HARTFORD, Conn. - Donald Margulies' "Time Stands Still" is a poignant, at times warmly humorous, play about the ways in which we protect ourselves from the horrors of life and what happens when our very best efforts at self-defense aren't good enough.
Set in a Brooklyn loft in 2009, "Time Stands Still" - which is being given a remarkable, deeply penetrating production at Theaterworks - focuses on a freelance journalist named James (a tender, at once patient and restless Tim Altmeyer), and his partner of
8 1 2 years, Sarah (sharply played by Erika Rolfsrud as tough and unsparingly judgmental, as much toward herself as toward others; whose wounds run deeper than they show), a photojournalist whose career is a mission to bring an end to the human calamity she records with her cameras.
As the play begins, James and Sarah are returning from Germany, where Sarah has been hospitalized after having been severely wounded in Iraq by a roadside bomb that killed her "fixer," an Iraqi named Tariq, whose relationship with Sarah turns out to have been more complex than James has guessed.
Her right foot is in a cast. She walks with the support of a crutch. Her face is pockmarked with shrapnel wounds - all surface manifestations of wounds that run deeper. James' injuries are not as readily visible but they, too, run deep. He had returned from Iraq earlier than planned, overwhelmed by the carnage he'd been covering and guilt at having left Sarah behind.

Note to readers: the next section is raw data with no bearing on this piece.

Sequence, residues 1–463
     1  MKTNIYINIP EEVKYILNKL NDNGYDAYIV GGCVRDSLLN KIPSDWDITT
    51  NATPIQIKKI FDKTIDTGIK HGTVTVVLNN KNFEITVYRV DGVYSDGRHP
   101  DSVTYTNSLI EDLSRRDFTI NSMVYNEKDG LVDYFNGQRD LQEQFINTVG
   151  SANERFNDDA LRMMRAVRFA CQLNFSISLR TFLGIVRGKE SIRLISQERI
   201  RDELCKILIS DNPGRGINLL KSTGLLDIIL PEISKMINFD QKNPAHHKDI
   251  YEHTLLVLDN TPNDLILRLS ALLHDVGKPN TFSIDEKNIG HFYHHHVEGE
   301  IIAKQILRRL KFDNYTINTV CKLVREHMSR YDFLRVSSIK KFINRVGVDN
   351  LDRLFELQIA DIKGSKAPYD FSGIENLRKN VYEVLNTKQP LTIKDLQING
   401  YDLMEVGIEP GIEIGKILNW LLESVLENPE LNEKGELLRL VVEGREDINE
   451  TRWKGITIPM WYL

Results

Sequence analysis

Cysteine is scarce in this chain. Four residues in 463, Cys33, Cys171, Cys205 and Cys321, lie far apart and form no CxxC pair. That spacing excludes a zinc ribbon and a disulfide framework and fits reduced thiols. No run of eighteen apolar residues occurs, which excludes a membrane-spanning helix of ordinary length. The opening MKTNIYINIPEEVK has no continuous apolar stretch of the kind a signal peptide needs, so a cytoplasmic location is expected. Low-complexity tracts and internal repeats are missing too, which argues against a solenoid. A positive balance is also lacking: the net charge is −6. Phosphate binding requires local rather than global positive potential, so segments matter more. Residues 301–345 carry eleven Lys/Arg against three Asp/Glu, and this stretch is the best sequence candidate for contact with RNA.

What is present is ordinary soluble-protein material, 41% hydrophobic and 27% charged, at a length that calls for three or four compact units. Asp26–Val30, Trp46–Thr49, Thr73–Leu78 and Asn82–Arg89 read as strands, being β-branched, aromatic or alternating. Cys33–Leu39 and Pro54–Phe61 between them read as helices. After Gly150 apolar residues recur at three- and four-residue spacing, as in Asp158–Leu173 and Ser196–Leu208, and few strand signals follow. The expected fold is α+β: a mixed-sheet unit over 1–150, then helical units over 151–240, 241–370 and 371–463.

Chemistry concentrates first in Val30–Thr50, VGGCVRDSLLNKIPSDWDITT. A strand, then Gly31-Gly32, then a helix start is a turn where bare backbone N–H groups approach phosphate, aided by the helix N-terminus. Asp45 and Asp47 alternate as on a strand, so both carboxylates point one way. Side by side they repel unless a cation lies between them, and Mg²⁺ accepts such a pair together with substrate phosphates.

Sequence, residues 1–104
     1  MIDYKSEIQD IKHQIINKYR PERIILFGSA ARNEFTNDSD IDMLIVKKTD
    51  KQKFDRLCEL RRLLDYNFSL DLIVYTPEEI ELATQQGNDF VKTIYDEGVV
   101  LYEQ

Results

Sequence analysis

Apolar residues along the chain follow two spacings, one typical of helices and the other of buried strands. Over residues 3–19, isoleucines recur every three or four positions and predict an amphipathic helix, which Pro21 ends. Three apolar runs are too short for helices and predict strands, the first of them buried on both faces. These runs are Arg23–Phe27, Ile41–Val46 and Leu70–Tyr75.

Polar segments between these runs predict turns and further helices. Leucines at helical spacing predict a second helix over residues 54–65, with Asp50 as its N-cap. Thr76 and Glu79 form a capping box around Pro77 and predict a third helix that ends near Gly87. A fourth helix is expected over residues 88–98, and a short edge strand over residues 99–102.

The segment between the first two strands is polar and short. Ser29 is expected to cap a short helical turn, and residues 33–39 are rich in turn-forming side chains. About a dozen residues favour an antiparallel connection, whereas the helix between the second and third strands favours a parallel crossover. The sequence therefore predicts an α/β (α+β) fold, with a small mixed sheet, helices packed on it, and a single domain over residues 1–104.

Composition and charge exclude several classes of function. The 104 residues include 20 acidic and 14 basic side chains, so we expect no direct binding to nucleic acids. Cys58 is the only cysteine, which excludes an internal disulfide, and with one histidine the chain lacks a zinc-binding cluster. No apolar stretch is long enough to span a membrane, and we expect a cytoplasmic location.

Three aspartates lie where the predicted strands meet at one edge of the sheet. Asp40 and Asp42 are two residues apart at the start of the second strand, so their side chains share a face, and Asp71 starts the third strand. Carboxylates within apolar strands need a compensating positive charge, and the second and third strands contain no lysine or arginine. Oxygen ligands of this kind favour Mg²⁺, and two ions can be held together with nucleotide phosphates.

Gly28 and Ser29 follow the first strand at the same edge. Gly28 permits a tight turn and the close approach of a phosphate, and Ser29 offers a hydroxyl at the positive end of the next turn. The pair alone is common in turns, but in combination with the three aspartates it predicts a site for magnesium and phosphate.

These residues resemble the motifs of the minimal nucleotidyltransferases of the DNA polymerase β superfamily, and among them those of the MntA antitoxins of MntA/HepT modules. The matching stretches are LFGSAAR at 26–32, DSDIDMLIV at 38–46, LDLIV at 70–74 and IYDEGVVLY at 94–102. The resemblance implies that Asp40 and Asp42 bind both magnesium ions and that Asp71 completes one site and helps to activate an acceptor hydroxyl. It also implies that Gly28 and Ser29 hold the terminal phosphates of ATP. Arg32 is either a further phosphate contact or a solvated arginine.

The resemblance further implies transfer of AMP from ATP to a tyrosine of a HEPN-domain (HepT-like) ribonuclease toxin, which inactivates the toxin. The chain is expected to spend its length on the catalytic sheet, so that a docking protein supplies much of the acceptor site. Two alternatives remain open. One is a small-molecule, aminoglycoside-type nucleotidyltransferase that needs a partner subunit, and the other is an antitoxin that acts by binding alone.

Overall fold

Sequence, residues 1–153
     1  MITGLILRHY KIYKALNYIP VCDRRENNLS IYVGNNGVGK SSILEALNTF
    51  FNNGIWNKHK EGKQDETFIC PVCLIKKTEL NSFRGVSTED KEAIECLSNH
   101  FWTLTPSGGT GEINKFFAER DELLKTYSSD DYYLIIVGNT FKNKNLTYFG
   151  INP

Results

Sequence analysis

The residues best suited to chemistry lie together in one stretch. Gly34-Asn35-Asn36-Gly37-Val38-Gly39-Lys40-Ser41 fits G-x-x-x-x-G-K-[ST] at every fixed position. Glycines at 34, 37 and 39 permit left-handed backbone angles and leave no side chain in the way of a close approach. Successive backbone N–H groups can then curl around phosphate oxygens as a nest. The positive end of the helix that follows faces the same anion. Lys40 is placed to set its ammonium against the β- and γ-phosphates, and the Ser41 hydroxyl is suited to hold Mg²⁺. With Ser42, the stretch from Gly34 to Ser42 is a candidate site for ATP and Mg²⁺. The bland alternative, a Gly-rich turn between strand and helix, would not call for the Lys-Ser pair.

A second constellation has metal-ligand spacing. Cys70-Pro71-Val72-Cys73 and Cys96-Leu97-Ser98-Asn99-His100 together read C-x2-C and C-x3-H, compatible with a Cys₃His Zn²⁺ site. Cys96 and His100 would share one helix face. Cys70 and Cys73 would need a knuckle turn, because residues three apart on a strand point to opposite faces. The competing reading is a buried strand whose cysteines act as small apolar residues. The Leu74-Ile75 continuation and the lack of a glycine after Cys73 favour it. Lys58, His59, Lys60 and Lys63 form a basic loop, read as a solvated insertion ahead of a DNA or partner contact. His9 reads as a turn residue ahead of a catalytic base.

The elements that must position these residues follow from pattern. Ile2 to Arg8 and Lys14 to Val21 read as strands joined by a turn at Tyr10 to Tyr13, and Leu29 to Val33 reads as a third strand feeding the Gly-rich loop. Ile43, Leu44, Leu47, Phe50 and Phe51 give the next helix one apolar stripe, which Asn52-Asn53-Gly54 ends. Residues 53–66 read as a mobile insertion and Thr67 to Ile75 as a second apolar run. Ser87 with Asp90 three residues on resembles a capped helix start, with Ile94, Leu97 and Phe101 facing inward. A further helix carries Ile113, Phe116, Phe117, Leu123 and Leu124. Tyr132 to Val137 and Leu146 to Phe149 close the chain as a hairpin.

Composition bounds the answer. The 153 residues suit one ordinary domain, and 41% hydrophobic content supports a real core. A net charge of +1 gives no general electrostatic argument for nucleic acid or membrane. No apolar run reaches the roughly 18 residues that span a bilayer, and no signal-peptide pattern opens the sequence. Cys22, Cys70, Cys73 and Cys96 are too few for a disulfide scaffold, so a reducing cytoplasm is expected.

The play follows the couple over the course of a year or so as James and Sarah - James in particular - examine their lives and try to readjust. James increasingly yearns for "normalcy," a life removed from the suffering and violence he's been covering. Sarah grows increasingly restless, anxious. She yearns to go back; to continue bearing witness; to catch time, have it stand still, as it were, through her images while, for his part James recognizes that time - life - moves on.
This is a richly textured, deeply layered story told, under Rob Ruggiero's crystalline direction, on its own terms through four uncommonly seamless and insightful performances (joining Altmeyer and Rolfsrud are Matthew Boston as Richard, Sarah's fiftysomething magazine photo editor who, it is hinted, was her lover in a distant pre-James past; and Liz Holtan as Mandy, Richard's 25-year-old incipient wife, who turns out not to be the vacuous Barbie she at first seems) that blur the line between acting and being.